In the summer of 1799, Napoleon's soldiers razed ancient walls to expand Fort Julien in the town of Rosetta. A soldier noticed a polished fragment of carved stone. Pulling it from the rubble, he recognized that it might be something significant and handed the stone over to the Institute.
The Institute's scholars determined that the stone was some kind of decree and immediately began translations, a long and tedious process. Scholars named the stone the Rosetta Stone, in honor of the town in which it was discovered. They had the foresight to make several copies of the inscriptions, which served them well after the British acquired the stone -- along with several other artifacts -- under the terms set forth in the Treaty of Capitulation [source: BBC]. Both the French and the British knew they had something valuable on their hands, but it would take years to crack the code inscribed on the Rosetta Stone. Only then would its true worth be revealed.
Next, we'll learn about the struggle to decipher the Rosetta Stone.
Translating the Rosetta Stone
Scholars began attempting translations of the Rosetta Stone as quickly as they could get their hands on it -- or a copy of it. It didn't take too long to translate the Greek and Demotic portions of the text, but the hieroglyphics seemed to be an indecipherable mystery. An intellectual battle over hieroglyphics ensued between a British scholar, Thomas Young, and a French scholar, Jean-François Champollion, both of whom wanted to crack the code first.
Their respective countries were equally as competitive, and even today Britain and France debate about the true victor in hieroglyphic translation as well as which country owns (or should own) the stone. When the Rosetta Stone was displayed in Paris in 1972 for the bicentenary of its discovery, rumors flew that Parisians were planning to secretly steal the stone. The British and French also argued that the portraits of Young and Champollion, displayed alongside the stone, were of unequal sizes, glorifying one scholar above the other [source: Harvard].
The Greek inscription was translated by the Reverend Stephen Weston. He completed his work on the stone in April 1802. While knowledge of the Greek language and alphabet were certainly limited among certain professionals and academics, the Western world had become acquainted with Greek centuries ago, when the Renaissance incited Europeans' interest in the Greco-Roman civilization and culture. Therefore, Weston's contribution stirred less attention than the events that would follow [source: BBC].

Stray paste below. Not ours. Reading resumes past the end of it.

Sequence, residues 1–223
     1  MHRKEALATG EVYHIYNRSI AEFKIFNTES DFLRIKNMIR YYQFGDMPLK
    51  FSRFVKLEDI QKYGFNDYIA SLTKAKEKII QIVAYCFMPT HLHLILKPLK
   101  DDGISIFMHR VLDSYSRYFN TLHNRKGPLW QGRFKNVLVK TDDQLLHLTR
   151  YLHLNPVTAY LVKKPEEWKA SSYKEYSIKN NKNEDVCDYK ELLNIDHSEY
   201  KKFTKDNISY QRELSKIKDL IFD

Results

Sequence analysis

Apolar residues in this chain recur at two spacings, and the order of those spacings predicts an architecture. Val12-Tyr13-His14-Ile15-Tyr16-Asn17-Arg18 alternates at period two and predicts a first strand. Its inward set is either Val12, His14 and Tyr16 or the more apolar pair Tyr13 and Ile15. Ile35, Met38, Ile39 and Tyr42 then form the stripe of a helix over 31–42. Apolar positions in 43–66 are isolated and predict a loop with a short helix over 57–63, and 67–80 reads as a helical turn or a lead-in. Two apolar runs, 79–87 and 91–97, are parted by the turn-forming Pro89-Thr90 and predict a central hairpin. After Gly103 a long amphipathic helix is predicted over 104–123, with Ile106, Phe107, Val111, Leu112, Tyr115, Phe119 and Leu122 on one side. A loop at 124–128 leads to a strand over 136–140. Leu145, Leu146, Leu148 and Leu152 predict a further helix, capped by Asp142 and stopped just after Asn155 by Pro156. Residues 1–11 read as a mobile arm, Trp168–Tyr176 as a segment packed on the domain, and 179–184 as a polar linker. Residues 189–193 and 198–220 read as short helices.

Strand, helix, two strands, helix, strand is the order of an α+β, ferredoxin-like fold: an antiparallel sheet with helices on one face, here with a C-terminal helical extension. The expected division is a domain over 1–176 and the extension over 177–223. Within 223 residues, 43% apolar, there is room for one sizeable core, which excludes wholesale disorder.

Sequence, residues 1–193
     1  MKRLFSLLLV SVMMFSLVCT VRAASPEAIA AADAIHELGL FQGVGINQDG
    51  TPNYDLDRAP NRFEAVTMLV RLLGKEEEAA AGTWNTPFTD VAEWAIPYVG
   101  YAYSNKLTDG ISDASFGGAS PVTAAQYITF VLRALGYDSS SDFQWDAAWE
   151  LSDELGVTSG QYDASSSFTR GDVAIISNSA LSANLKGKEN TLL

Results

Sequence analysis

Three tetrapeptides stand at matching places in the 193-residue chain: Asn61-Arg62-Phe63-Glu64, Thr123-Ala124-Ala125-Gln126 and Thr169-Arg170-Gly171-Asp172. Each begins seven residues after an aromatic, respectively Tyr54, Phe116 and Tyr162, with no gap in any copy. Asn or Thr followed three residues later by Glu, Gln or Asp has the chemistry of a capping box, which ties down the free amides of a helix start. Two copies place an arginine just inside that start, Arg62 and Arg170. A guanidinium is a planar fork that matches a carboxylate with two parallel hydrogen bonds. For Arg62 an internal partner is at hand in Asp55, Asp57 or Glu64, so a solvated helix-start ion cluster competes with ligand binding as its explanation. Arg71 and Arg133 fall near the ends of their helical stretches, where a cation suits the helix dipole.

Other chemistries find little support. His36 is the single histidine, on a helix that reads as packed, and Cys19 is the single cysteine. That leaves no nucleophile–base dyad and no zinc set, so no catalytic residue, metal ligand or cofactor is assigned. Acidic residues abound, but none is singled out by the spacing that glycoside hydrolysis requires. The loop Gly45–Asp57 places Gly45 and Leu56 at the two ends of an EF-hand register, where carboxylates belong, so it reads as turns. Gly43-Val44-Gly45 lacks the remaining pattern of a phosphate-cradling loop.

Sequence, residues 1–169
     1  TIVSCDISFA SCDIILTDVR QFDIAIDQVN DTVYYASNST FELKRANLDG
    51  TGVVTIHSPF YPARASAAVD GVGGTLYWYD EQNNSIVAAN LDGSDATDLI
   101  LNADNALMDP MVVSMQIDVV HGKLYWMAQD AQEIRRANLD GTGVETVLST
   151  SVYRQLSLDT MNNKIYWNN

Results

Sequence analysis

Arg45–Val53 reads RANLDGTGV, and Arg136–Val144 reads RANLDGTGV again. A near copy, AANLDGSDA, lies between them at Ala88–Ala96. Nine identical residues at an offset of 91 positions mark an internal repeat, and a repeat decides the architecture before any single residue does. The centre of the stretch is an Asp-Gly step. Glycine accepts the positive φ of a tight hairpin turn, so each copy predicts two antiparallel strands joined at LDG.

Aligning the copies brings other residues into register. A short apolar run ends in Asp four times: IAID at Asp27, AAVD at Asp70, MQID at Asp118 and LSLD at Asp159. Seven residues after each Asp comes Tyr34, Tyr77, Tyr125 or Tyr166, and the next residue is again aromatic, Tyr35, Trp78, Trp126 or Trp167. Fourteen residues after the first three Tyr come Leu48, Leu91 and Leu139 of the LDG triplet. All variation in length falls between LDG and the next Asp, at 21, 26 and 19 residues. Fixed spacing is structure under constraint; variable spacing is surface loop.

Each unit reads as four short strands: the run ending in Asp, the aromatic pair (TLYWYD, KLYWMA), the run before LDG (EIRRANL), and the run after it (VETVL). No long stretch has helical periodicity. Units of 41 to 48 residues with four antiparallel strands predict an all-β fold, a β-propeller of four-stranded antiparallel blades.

Undoubtedly, the hieroglyphic portion of the stone was the most challenging to decipher, but early scholars who translated the Demotic and Greek established some important precedents. French scholar Antoine-Isaac Silvestre de Sacy (who taught a young Champollion linguistics) and Swedish diplomat Johan David Åkerblad each successfully interpreted the Demotic inscription in 1802.
While de Sacy detected proper names -- Ptolemy and Alexander -- in the text and used those as a starting point for matching up like sounds and symbols, Åkerblad's methodology depended on his knowledge of the Coptic language. Åkerblad noticed some similarities between the Demotic inscription and Coptic, and by comparing these similarities he was able to discern the words "love," "temple" and "Greek." Relying on these words to form a skeletal outline of the Demotic alphabet, Åkerblad went on to translate the entire portion.
In the next section, we'll learn about the painstaking process of deciphering the Rosetta Stone's hieroglyphics.
Cracking the Hieroglyphic Code
The earliest attempt at translating hieroglyphics came well before the discovery of the Rosetta Stone. A fifth-century scholar named Horapollo set up a translation system based on hieroglyphics' relation to Egyptian allegories. After Horapollo's hypothesis, 15 centuries of scholars dedicated themselves to a false translation system. De Sacy, who had translated the Demotic portion, tried his hand at the hieroglyphic inscription, but he failed, too.